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If you want extraordinary performance, know extraordinary performers.

Joshua earned a PhD in Astrophysics and an MBA, both at Columbia University, where he studied under a Nobel Laureate. He teaches and coaches leadership at Columbia, NYU, and privately. He has founded several companies, one operating globally since 1999, with a half-dozen patents to his name. He competed athletically at a national and world level.

He writes from experience and a scientist’s perspective on creating success professionally and personally – leadership, entrepreneurship, emotions, social skills, influence, decision-making, negotiation, conflict resolution, perception, motivation, attraction, managing groups and teams, and more.


He has been quoted and profiled in the New York Times, Wall Street Journal, Washington Post, USA Today, Fortune, CNN, and the major broadcast networks.

His coaching clients come from McKinsey, Bain, BCG, JP Morgan, Google, and more.

His clients include graduates of Columbia, Harvard, MIT, Stanford, Princeton, Dartmouth, Penn, and more.

Esquire Magazine named him “Best and Brightest” in its annual Genius issue.

You can book him as a coach or speaker.

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FROM THE BLOG

Leadership, adulthood, responsibility, empathy, and consequences to one’s actions

posted by Joshua on April 23, 2014 in Leadership
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A client asked about what he considered a moral decision.

As you know, leading others means people will follow you. You have to decide what you take responsibility for when people around you don’t have your experience or skills.

I gave the following advice, which my client said led him to reflect deeply on how he and everyone involved would feel—what I call with empathy and compassion.

I treat all adults as adults who make choices for themselves. I don’t find it healthy to take responsibility for any other adult’s choices, nor to regard any other adult’s choices as anything but theirs. I don’t know what agreement any other two people made between themselves or expectations they have. I only presume everyone makes what they consider the right decisions for themselves. We also have to make the right decisions for ourselves. I’m not aware of any book in the sky that states what’s absolutely right or wrong that everyone agrees to.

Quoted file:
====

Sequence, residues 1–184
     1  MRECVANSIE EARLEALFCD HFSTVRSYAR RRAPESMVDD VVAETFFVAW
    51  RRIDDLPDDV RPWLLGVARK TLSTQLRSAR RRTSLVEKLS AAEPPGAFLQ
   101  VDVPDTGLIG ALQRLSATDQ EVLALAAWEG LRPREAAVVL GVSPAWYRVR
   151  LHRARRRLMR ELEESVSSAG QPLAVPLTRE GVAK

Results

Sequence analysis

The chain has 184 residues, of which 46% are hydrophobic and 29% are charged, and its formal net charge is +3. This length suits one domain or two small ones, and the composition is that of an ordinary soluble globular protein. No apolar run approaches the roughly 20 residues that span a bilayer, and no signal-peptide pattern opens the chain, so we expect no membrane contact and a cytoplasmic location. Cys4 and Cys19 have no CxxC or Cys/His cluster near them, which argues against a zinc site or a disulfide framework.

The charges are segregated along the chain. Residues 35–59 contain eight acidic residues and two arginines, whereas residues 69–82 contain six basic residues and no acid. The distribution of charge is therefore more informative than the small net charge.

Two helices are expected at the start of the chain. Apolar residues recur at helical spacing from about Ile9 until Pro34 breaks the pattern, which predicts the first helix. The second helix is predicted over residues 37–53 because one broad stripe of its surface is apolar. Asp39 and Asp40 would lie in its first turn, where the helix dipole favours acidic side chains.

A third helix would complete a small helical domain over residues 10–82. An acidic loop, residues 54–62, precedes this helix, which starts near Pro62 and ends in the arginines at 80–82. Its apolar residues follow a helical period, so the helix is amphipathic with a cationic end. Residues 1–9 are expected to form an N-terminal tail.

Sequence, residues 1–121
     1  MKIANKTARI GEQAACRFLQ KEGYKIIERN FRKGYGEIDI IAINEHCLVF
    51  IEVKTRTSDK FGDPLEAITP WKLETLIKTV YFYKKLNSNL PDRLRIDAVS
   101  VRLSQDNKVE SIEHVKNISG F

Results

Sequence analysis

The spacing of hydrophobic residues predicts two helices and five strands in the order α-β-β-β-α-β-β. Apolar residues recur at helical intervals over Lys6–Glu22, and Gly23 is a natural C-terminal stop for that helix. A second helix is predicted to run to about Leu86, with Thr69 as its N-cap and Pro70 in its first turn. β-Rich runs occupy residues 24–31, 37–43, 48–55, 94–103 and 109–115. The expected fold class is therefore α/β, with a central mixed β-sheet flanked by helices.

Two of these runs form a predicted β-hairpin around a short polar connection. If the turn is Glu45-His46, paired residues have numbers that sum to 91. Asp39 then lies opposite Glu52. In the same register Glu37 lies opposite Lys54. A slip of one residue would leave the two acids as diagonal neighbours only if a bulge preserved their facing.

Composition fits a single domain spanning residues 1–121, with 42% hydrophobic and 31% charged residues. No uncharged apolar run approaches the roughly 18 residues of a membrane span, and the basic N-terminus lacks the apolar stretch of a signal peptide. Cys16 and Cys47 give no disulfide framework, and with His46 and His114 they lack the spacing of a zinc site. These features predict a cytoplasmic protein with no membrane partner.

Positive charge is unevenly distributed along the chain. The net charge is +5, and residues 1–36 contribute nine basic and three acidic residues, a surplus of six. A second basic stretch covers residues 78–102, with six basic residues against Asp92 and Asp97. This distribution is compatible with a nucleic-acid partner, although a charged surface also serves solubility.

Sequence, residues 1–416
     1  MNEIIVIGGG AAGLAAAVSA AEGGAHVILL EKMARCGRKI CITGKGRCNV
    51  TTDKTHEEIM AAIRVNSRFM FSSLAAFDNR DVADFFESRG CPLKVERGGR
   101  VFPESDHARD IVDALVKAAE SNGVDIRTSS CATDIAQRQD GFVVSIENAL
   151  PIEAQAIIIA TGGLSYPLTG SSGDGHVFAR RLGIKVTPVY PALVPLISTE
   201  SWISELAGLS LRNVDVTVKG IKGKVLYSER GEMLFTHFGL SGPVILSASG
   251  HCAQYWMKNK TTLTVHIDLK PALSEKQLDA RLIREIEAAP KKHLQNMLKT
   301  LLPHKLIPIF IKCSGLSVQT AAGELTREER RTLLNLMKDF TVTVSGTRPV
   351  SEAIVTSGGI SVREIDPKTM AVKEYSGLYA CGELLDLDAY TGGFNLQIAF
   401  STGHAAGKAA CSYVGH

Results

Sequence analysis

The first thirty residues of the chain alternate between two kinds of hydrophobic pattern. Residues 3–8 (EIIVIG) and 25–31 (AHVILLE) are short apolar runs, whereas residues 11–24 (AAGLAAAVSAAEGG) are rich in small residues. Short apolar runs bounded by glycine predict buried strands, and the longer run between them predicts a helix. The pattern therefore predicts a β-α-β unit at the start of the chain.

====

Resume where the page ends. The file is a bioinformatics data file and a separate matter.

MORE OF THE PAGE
The main consideration for me is the consequences of our actions. How do you think everyone involved will feel and react to what you do? Since only you were in the situation, you have the best idea.

Thinking about consequences as opposed to blindly following rules makes you adopt other people’s perspectives and imagine their feelings.

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How to win over a stadium of 20,000 angry African soccer fans

posted by Joshua on April 22, 2014 in Creativity, Humor, Leadership
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“You! You cannot do that here!” A voice in a stadium of 20,000 people told my friend he was breaking a rule. The man yelling pointed at my friend and sounded angry. A man next to the first saw what he was pointing at—my friend—and pointed and yelled he couldn’t do that here too. Then[…] Keep reading →

Binary thinking that ruins your life

posted by Joshua on April 21, 2014 in Awareness, Freedom, Leadership
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Another coach emailed me about my posts about the bankrupt concepts of introversion and extroversion, which he described as That binary thinking you highlight is the bane of my working life! People who escape from that kind of thinking discover great freedom in their thoughts, which they usually use to create better lifestyles, relationships, thoughts,[…] Keep reading →